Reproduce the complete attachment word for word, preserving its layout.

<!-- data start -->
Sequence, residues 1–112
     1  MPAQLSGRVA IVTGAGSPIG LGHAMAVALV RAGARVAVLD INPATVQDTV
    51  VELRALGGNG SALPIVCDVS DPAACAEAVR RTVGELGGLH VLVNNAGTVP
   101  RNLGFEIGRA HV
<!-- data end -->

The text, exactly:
Sequence, residues 1–112
     1  MPAQLSGRVA IVTGAGSPIG LGHAMAVALV RAGARVAVLD INPATVQDTV
    51  VELRALGGNG SALPIVCDVS DPAACAEAVR RTVGELGGLH VLVNNAGTVP
   101  RNLGFEIGRA HV